Partners in a firm have a duty to act in good faith to other partners, but when are they personally liable for their own negligence and when is it the firm’s responsiblity, asks Mark Blackett-Ord

What is the duty of one partner in a firm to the other partners? A duty to be honest, obviously, and a duty to act in good faith. But is he liable for his own simple negligence in relation to the firm’s affairs? This liability may take the form of a claim by the firm against him, or a claim by himself for an indemnity or contribution from the other partners (s.24(2)(a) of the Partnership Act 1890), but the question is the same: should he or the firm bear the ultimate cost?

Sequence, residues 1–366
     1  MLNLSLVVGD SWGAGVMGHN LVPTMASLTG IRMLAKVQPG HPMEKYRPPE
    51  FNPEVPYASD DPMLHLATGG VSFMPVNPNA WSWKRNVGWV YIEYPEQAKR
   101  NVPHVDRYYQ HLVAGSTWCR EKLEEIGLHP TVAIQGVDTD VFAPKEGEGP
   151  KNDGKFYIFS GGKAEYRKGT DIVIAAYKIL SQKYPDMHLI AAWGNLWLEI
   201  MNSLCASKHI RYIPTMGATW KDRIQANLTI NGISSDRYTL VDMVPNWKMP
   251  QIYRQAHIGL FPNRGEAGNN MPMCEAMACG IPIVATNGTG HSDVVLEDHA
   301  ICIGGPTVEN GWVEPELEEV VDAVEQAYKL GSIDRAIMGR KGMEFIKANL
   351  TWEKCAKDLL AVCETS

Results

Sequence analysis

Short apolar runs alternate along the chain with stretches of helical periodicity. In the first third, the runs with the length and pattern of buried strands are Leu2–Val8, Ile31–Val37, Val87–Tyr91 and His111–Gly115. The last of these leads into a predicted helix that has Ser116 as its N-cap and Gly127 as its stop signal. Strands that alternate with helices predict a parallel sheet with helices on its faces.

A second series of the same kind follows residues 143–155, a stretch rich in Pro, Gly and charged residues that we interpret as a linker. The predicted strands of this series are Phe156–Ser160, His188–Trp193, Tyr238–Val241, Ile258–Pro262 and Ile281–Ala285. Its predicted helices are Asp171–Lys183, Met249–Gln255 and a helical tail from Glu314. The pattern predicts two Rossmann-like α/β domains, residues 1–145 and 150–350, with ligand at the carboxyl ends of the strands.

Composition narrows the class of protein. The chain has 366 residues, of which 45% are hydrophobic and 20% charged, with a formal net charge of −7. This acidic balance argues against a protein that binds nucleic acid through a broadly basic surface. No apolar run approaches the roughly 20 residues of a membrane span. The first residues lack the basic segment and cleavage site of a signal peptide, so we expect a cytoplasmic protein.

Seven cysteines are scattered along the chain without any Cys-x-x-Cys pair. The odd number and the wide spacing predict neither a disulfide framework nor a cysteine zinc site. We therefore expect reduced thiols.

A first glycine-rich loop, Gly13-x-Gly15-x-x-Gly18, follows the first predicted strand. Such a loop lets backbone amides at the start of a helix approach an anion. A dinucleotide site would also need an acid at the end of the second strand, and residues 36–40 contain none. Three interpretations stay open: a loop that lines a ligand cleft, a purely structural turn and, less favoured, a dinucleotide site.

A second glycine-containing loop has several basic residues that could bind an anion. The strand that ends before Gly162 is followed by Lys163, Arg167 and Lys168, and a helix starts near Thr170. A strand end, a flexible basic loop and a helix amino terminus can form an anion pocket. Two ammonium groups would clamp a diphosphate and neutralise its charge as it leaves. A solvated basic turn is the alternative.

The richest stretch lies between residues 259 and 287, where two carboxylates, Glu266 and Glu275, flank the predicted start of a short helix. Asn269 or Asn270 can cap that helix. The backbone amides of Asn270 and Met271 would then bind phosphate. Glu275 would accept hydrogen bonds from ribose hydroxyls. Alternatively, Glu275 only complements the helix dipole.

It can be argued that the duties of partners to one another, which are essentially duties of honesty rather than care, impliedly exclude liability for simple negligence within the firm. In Medforth v Blake [2000] Ch 86, CA, Sir R Scott V-C said that “the...

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